‘Long and hard’ Houston recession ahead as COVID-19, oil bust batter local economy

Houston is in for a year of staggering job losses from business shutdowns to slow the spread of the coronavirus, depressed productivity from worker deaths and illnesses, and the worst oil bust in history that will hit major employers and trickle through the rest of the economy.

The Houston region could lose 83,200 net jobs by the end of 2020 according to the most recent estimate by Bill Gilmer, economist and director of the Institute for Regional Forecasting at the University of Houston’s Bauer College of Business. Before the virus upended life here and across the country, Gilmer had forecast in January that the region would add a net 47,000 jobs this year.

Gilmer notes that his forecast is riddled with the same uncertainties that public health officials are struggling with: How bad will the virus get, how many waves will there be, what is the true infection rate, and when will there be a vaccine?

Using the Spanish flu of 1918 and Asian flu of 1957, unemployment insurance claims, and prior oil busts, Gilmer estimated that the combination of the national recession and oil bust cost will result in a loss of 58,200 jobs this year. Another 25,000 jobs will be lost from local business shutdowns and social distancing measures. Based on unemployment claim data, Houston’s unemployment rate will likely surpass 10 percent this month, he said.

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An economic recovery for the U.S. could come next year, but oil prices will lag behind, perhaps not returning to near $60 per barrel until 2022. In the meantime, Gilmer, who described his oil price projections as more optimistic than most, said he expects oil prices to stay below $40 per barrel for the next two years.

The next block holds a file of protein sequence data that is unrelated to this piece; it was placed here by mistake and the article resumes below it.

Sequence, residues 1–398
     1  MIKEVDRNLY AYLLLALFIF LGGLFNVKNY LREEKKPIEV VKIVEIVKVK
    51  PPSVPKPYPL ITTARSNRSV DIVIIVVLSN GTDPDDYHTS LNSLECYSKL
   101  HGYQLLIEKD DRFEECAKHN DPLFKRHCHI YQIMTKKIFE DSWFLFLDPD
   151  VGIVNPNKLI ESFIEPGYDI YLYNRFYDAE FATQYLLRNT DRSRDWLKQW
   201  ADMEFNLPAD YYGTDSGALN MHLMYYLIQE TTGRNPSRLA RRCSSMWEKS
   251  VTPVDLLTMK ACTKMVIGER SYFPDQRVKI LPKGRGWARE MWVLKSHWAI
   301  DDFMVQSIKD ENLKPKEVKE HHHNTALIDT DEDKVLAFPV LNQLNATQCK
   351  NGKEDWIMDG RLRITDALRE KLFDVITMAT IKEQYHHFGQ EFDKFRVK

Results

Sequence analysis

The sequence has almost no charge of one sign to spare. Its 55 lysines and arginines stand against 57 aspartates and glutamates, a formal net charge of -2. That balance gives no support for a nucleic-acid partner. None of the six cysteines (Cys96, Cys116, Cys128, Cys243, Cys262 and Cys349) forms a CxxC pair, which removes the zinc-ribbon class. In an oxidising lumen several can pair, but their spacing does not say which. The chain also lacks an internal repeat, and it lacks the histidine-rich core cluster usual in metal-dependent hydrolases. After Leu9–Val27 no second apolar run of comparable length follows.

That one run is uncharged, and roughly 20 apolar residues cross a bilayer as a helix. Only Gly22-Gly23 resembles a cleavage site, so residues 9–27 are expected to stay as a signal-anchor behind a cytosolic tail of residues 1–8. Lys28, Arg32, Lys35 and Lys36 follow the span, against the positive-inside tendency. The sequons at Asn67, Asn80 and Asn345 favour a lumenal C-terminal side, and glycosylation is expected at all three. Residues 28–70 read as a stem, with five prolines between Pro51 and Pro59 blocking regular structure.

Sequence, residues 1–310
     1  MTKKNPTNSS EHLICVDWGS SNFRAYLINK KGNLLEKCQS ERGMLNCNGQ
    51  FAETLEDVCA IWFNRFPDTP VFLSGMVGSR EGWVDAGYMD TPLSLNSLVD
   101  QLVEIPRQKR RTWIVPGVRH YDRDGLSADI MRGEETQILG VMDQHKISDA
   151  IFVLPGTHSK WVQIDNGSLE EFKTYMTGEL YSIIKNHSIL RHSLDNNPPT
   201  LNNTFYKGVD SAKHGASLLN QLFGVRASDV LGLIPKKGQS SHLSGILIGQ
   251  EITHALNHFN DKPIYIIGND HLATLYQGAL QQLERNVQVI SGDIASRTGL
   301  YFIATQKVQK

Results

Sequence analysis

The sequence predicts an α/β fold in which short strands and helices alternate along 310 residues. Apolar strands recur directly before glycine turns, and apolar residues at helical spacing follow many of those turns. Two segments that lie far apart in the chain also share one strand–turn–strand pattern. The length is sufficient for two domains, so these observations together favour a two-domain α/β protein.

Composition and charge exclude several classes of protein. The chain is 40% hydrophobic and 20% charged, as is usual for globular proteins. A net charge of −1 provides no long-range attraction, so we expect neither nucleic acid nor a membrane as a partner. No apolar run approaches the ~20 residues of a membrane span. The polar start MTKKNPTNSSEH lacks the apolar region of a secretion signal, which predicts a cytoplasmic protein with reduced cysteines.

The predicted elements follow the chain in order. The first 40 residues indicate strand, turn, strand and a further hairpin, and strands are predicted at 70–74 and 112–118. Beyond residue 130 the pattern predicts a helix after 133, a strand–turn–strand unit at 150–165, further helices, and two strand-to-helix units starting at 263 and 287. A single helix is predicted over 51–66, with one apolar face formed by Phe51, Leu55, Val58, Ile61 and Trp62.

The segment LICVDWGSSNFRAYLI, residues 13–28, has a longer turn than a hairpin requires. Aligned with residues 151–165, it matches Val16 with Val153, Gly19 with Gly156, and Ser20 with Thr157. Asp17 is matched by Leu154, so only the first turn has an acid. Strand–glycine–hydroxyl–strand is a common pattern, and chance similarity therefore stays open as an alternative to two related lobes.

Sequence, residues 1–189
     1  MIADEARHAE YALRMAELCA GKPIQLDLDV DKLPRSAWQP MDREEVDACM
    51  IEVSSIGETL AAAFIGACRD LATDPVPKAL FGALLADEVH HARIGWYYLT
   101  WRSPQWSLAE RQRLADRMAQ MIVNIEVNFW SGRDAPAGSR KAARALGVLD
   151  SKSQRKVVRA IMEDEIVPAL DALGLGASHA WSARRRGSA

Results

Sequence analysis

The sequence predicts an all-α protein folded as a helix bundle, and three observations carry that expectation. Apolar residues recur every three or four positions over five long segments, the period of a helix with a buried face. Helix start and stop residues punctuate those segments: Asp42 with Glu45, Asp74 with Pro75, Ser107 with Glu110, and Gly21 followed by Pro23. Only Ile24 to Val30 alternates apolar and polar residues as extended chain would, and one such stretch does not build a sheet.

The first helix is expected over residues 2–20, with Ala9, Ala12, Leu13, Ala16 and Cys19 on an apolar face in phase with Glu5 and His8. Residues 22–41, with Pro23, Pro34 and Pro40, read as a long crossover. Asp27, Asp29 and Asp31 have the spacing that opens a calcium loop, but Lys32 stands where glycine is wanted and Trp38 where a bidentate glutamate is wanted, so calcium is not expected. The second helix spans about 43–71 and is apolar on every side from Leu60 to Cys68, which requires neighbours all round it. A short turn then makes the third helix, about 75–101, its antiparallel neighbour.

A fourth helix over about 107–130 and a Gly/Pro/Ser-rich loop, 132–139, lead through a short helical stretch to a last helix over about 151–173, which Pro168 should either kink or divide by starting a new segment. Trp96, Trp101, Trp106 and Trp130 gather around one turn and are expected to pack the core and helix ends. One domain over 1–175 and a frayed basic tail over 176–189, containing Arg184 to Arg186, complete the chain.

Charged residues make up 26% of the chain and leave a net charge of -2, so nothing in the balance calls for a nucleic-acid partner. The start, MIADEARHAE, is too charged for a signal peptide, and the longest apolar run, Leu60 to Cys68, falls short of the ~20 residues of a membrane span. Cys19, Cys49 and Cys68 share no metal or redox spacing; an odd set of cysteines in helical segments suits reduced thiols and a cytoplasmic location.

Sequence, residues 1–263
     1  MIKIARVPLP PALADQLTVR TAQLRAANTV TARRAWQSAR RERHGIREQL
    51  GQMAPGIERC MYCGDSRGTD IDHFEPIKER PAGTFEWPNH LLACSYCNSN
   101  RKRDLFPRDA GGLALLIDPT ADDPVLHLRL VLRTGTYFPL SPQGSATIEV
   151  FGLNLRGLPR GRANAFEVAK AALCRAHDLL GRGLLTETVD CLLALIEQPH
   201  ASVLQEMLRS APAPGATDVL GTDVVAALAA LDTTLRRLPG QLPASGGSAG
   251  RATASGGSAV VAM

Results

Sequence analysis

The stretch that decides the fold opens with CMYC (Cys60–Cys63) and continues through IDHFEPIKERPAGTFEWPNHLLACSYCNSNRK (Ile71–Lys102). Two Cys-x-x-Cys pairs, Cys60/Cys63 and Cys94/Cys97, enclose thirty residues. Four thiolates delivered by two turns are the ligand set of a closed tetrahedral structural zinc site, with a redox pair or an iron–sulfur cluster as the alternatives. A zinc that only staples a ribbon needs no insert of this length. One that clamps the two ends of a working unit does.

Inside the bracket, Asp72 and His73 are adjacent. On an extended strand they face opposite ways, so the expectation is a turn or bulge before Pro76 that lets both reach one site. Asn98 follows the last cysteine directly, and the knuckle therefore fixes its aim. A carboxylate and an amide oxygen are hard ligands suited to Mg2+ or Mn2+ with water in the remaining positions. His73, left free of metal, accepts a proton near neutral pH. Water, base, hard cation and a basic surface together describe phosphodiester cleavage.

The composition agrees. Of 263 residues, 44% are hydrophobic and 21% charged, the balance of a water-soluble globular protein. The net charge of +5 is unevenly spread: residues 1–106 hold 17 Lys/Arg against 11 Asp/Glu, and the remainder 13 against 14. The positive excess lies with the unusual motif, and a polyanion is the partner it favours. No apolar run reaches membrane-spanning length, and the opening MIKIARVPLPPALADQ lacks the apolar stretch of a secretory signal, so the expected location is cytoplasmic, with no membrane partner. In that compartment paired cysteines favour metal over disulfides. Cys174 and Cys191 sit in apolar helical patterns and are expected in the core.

That means that Houston will have a “longer and harder” downturn than many initially thought, Gilmer said, as the region is hit by both a national recession induced by the coronavirus and depressed oil prices.

In the first year of recovery, low oil prices will keep Houston’s job growth muted, with the region adding about 40,500 jobs in 2021, well below pre-coronavirus forecasts, according to Gilmer.But if the virus is contained and oil prices return to near $60 per barrel by 2022, Houston could join the national recovery with gusto, potentially adding more than 100,000 jobs in 2022.

“There’s a trade off,” Gilmer said, of the benefits of oil to the local economy. “Oil brings us volatility, but it also brings us much faster growth. Maybe we need to learn how to fasten our seat belts here in Houston.”



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